SBA has, in the past, included its methodology for reviewing size standards in its proposed and final rules that related to the industry or industries under examination. In the course of its comprehensive review of all small business size standards SBA has now developed and formalized its small business size standards processes. “Size Standards Methodology” describes how SBA establishes, evaluates and adjusts its small business size standards pursuant to the Small Business Act (Act) and related legislative guidelines. Under the Act (85, as amended), the SBA Administrator (Administrator) has authority to establish small business size standards for Federal government programs. Congress left to administrative discretion precisely how the Administrator should establish small business size standards or what they should be. “Size Standards Methodology” provides a brief review of the legal authority, early legislative history and regulatory history of small business size standards, a detailed description of the size standards methodology, and concludes with a discussion of numerous policy issues regarding the objectives and direction of size standards. An appendix at the end of the document summarizes the detailed analytical steps involved in the evaluation of size standard for an industry.
In establishing size standards, the Act and its legislative history highlight two considerations. First, size standards should vary to account for differences among industries. Second, the policies of the Agency should assist small businesses as a means of encouraging and strengthening their competitiveness in the economy. These two considerations form the basis for the SBA current methodology for establishing small business size standards.
SBA examines the structural characteristics of an industry as a way to assess industry differences and the overall degree of competitiveness of an industry and of firms within the industry. “Size Standards Methodology” describes more fully how SBA examines industry structure and analyzes five primary factors—average firm size, degree of competition within an industry, start up costs and entry barriers, distribution of firms by size, and small business share in Federal contracts. SBA also considers other secondary factors as they relate to the industries and the interests of small businesses, including technological change, competition among industries, industry growth trends, and impacts on SBA programs.
SBA conducts a statistical analysis of data on the primary factors, and secondary factors as appropriate, to establish a size standard for a specific industry. As a starting point, SBA presumes $7.0 million as an appropriate size standard for the services, retail trade, construction, and other industries with receipts based size standards; 500 employees for the manufacturing, mining and other industries with employee based size standards; and 100 employees for the wholesale trade industries. These three levels, referred to as “anchor size standards,” are not minimum size standards, but rather benchmarks or starting points. To the extent an industry displays “differing industry characteristics,” a size standard higher, or in some cases lower, than an anchor size standard is supportable. “Size Standards Methodology” includes an extensive discussion of the statistical analyses involved in size standards determination.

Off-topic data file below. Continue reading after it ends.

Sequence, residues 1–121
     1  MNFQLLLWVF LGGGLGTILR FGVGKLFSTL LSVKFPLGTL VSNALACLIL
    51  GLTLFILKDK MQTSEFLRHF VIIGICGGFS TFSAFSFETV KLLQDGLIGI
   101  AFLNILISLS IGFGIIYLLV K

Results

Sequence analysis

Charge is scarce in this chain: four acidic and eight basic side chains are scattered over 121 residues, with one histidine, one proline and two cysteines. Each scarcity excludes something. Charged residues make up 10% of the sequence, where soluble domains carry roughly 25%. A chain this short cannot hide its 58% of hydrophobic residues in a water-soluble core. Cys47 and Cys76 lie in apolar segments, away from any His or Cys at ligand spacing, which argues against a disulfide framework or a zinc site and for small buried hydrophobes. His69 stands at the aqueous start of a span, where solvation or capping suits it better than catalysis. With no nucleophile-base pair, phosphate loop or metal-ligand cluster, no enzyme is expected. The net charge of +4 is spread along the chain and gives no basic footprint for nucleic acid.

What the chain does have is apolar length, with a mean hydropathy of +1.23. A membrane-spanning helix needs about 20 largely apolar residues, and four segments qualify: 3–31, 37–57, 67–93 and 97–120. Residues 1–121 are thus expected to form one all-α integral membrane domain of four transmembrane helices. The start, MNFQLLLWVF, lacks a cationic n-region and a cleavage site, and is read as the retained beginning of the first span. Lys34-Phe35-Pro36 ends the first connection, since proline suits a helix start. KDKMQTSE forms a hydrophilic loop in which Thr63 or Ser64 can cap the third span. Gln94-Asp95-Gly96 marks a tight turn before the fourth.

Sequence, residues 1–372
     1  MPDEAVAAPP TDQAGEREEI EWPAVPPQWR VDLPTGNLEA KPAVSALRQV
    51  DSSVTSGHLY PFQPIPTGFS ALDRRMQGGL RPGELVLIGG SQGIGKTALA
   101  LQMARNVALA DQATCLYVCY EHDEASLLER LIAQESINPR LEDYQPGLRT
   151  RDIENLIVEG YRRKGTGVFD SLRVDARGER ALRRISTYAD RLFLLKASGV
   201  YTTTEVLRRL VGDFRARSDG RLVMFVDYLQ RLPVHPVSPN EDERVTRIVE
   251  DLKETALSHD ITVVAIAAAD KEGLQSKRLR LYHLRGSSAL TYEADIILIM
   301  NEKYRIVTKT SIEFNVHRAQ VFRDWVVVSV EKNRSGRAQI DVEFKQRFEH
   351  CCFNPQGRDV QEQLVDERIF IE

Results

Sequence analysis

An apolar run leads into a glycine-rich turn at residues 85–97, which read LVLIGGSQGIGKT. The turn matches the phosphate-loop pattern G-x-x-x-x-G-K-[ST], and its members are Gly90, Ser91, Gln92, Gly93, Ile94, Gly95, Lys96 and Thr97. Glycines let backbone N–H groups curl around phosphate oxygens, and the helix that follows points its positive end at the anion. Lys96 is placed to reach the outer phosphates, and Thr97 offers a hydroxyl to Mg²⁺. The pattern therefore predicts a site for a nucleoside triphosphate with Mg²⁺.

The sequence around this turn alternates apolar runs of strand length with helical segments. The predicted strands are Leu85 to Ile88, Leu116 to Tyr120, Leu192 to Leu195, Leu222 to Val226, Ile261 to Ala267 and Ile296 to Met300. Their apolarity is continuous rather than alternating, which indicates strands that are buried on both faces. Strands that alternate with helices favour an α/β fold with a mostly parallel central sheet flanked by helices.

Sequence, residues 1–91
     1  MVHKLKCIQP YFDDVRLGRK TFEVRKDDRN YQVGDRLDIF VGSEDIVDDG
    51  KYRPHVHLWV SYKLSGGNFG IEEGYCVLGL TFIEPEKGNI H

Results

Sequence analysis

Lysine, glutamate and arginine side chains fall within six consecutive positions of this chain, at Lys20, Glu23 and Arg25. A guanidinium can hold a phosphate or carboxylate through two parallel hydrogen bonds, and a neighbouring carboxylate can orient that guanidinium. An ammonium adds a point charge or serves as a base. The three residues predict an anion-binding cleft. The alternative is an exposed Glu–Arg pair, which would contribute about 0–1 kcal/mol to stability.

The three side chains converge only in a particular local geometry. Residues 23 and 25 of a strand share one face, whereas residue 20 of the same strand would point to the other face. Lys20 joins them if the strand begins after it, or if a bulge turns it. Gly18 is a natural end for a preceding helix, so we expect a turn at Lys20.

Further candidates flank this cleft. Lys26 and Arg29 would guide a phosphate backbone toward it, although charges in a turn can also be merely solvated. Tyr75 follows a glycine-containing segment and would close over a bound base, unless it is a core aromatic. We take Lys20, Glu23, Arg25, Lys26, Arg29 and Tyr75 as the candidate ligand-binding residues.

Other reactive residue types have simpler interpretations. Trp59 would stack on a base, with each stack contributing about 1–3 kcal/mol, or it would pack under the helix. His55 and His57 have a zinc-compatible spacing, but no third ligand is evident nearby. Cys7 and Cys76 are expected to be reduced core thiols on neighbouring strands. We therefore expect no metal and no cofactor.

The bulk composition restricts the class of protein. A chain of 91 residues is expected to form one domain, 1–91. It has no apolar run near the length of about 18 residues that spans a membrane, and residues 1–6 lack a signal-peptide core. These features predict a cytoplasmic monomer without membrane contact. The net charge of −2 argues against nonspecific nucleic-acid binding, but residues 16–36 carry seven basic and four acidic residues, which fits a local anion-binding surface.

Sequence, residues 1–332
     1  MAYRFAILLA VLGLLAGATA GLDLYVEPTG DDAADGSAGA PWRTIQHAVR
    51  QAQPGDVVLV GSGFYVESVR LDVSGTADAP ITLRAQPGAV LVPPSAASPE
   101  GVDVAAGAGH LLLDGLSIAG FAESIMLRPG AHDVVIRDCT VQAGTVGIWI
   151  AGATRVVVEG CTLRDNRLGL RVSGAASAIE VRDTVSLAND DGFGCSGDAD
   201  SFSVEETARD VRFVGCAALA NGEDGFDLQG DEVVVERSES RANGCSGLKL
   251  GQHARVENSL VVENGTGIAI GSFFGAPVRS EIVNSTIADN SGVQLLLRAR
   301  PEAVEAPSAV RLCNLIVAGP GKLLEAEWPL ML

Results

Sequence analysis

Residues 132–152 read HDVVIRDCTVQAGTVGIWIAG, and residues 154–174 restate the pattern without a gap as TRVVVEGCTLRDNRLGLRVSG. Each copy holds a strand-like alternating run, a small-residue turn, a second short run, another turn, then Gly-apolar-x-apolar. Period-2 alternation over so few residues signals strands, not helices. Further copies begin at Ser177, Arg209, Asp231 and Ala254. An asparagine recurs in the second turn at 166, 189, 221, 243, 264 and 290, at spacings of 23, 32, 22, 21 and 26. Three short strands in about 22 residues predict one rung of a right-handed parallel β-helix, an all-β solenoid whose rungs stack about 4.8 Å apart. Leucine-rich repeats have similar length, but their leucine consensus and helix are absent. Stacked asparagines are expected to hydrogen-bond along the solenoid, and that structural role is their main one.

SBA welcomes comments from the public on a number of issues. SBA is aware that different choices among size standards can involve complex tradeoffs among relevant variables; SBA invites comments on how to identify and weigh those variables. Suggestions are invited on alternative methodologies for determining small businesses; on how these size standards affect competition in general and within the specific industry; on alternative or additional factors that SBA should consider; on whether SBA's approach to small business size standards makes sense in the current economic environment; on whether SBA's using anchor size standards is appropriate in the current economy; on whether there are gaps in SBA's methodology because of the lack of comprehensive data; and on alternative datasets SBA should consider for a specific sector.
The concluding section of “Size Standards Methodology” raises a number of policy questions that SBA has to address in developing a robust methodology for establishing, evaluating and revising its small business size standards. Examples include how high of a size standard is too high? Should there be a single basis for all size standards (i.e., employees or annual receipts)? Should there be a fixed number of “bands” of size standards or separate standard for each industry? “Size Standards Methodology” includes several other issues, including some that tend to be on-going questions.
SBA encourages the public to review “Size Standards Methodology” and to comment on it either in whole or in part.
Dated: October 9, 2009.
Karen G. Mills,
[FR Doc. E9-25196 Filed 10-20-09; 8:45 am]
BILLING CODE 8025-01-P